Does anyone else have the impression that Donald Trump has less and less to do with the war between Chuck Schumer and Mitch McConnell? After losing a series of votes on predictable party-line votes last night on amendments to McConnell’s rules package, the Senate Minority Leader complained this morning that McConnell didn’t postpone the votes until this morning. Schumer accused McConnell of doing Trump’s bidding and claimed that the losses on his amendments as well as the decision to conduct the votes last night put the Senate trial under “a cloud of unfairness”:

Note to CBS: Schumer got the floor votes on the amendments. He just lost the votes on them all, as everyone knew he would. McConnell and all Senate Republicans made that much clear over the last couple of weeks. They insisted that they would take up the questions of witnesses and evidentiary production after the case had been presented and questions asked of the managers. That, McConnell has noted repeatedly, is the very same process that got 100-0 approval for Bill Clinton’s impeachment trial, including the enthusiastic support of one Charles Schumer of New York.

That didn’t put Clinton’s trial “under a cloud of unfairness,” or does Schumer have an explanation for why the same process was fair for Clinton but not for Trump? One that doesn’t rely on the fact that the House didn’t do a proper and credible job in investigating Trump before impeaching him, that is? All this process does is put off those questions until later in the process; it doesn’t eliminate the questions. Substantively, there’s no difference.

The other complaint is so silly that it beggars belief. What possible difference did it make whether the vote took place last night or today? The results would have been the same anyway. Schumer might have preferred to have them delayed so that Democrats could make hay out of them on television while people are watching, but that’s just as much a political calculation as keeping the session open to deal with the amendments immediately. There’s no substantive difference on this question, either.

This, unfortunately, encapsulates the partisan warfare that has overtaken the legislative branch over the last twenty-one years. Both sides are so intent on primacy rather than policy that they have made Congress a wasteland at the expense of actual governance, and the impeachment is the nadir of that war. As I warn in my column for The Week, this will either result in a backdoor parliamentary system or a truly imperial presidency. And maybe both at the same time:

We have spent the last 20-plus years coming to an inevitable war between Republicans and Democrats in the Beltway, one that will determine whether the institutions matter more than party affiliation. …

It is this partisan escalation, in Capitol Hill in general and the Senate in particular, which has led the nation to this impasse. Both sides are trying mightily to claim the moral high ground in the impeachment fight and rules debate, but both sides have also done their best to cook the process for their own ends. Georgetown Law professor Jonathan Turley, who spoke in opposition to impeachment on institutional grounds (although no fan of Trump in other respects), concluded on Tuesday afternoon that both parties have run this into the ground. “The tide of hypocrisy washing over the Hill today,” Turley quipped on CBS, “was enough to take the dome off its foundations.”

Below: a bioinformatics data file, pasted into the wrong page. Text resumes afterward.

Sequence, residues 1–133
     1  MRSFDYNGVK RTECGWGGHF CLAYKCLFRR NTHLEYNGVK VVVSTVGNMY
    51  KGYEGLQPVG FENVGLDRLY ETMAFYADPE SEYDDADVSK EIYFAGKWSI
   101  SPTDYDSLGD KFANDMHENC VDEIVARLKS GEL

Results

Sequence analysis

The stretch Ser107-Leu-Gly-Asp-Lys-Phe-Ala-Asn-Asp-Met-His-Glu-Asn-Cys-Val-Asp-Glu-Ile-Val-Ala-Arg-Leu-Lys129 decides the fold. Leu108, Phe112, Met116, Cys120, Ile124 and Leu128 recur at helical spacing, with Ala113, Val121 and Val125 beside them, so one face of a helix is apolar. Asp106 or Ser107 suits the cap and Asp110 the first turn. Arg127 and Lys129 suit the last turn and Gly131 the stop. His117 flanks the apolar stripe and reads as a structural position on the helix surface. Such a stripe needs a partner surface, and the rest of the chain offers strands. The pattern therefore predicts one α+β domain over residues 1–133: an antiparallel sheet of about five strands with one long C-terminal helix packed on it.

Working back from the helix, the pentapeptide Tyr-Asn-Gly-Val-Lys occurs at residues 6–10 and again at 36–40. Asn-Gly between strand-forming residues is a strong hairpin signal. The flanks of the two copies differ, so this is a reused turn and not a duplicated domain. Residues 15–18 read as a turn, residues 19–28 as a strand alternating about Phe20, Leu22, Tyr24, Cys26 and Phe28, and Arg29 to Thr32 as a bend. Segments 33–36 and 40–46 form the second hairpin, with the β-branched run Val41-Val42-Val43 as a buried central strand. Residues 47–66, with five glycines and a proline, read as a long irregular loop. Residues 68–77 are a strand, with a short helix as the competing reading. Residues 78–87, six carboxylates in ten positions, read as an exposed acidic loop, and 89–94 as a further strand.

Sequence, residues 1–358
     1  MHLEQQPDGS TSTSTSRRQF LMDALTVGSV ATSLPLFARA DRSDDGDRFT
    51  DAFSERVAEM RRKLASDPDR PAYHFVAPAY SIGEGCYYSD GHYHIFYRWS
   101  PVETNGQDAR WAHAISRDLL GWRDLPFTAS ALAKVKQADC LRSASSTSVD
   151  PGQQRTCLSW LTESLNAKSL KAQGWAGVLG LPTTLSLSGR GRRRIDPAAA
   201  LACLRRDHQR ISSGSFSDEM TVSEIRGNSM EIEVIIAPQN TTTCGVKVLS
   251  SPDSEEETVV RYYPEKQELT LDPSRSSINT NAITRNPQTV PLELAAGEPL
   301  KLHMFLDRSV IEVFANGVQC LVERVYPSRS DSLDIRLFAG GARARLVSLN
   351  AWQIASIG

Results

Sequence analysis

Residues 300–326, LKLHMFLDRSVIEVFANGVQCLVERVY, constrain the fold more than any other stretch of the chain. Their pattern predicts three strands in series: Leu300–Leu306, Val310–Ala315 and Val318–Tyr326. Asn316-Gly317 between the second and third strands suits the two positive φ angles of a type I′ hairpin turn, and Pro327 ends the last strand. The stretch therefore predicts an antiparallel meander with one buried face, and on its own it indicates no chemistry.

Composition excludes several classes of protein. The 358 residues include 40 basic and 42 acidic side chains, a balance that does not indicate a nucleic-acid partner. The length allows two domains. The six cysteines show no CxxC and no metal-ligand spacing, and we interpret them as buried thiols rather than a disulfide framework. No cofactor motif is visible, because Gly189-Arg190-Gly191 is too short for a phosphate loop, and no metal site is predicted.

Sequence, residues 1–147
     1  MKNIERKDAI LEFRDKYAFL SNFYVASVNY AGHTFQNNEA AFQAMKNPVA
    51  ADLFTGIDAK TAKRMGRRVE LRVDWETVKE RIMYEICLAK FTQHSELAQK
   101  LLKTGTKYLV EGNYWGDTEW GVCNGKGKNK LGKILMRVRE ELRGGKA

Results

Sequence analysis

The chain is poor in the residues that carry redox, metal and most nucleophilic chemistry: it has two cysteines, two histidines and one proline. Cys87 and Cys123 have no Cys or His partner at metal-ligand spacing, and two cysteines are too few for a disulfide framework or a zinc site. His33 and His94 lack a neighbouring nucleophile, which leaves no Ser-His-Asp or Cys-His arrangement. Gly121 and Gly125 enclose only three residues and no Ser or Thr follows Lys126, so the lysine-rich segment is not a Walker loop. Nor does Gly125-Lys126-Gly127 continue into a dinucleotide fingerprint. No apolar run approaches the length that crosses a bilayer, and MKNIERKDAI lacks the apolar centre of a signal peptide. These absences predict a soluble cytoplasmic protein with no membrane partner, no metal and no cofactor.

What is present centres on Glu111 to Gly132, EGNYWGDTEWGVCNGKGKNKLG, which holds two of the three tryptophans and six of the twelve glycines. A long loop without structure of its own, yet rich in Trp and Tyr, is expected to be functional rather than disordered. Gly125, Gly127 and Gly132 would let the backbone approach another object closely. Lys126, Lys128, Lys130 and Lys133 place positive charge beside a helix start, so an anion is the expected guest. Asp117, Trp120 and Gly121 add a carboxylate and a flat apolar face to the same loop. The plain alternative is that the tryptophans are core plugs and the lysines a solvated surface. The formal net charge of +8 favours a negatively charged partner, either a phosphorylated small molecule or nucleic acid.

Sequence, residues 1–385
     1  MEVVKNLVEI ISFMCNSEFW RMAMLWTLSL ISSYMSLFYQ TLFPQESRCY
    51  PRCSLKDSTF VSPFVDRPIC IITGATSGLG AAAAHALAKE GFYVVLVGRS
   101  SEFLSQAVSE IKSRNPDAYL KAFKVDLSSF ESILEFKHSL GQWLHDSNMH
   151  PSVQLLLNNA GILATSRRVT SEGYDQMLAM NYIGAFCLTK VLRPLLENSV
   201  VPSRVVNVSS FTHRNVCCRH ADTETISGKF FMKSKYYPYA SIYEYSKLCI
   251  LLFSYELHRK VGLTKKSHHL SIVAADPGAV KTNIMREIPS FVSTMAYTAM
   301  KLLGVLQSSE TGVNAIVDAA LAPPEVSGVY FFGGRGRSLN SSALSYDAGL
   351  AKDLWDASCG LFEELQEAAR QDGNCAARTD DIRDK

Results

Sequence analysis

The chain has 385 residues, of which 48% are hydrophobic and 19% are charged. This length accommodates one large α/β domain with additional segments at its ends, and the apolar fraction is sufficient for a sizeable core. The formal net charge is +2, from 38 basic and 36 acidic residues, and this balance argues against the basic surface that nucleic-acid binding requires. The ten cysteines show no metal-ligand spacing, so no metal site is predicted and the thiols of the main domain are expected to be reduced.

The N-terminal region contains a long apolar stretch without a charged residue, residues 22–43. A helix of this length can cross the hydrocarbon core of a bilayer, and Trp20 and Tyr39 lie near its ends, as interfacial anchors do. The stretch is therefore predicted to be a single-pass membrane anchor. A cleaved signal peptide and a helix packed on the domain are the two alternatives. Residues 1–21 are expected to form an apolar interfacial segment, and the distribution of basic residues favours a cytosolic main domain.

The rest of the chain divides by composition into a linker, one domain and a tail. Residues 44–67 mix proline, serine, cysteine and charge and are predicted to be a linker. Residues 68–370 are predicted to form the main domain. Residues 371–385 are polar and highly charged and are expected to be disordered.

Given the partisan warfare around the impeachment, the trial outcome is all but certain. Of more concern, however, should be the damage done to the legislative branch over the last two decades. This poisonous atmosphere of majoritarian flexing has transformed Congress from a co-equal branch to either the wingman or the executioner of the president. With this partisan war as context, succeeding House majorities will feel freer to impeach any president of the opposing party on any pretext, especially by launching constant investigations that encroach on the executive’s co-equal status and automatically considering any objection to be obstructive. We will either have parliamentary systems with the executive under the thumb of the House, or presidencies entirely unencumbered by an independent legislature.

At some point, we need leadership on Capitol Hill that restores its own prerogatives while respecting the prerogatives of the executive. This would benefit both parties in the long run, and it would return the federal government to actual representative democracy. Unfortunately, after two decades in the trenches of the Democrat-Republican war, there doesn’t seem to be any leaders emerging of that quality — nor a lot of demand from anyone else to produce them.

Perhaps it truly is time to repeal the 17th Amendment and make the Senate responsive to state legislatures again, rather than party leadership and partisan organizers. That would at least open a potential path to resetting the constitutional balance between the branches, and might force the House to focus on its own prerogatives rather than attempting to bully the Senate out of theirs.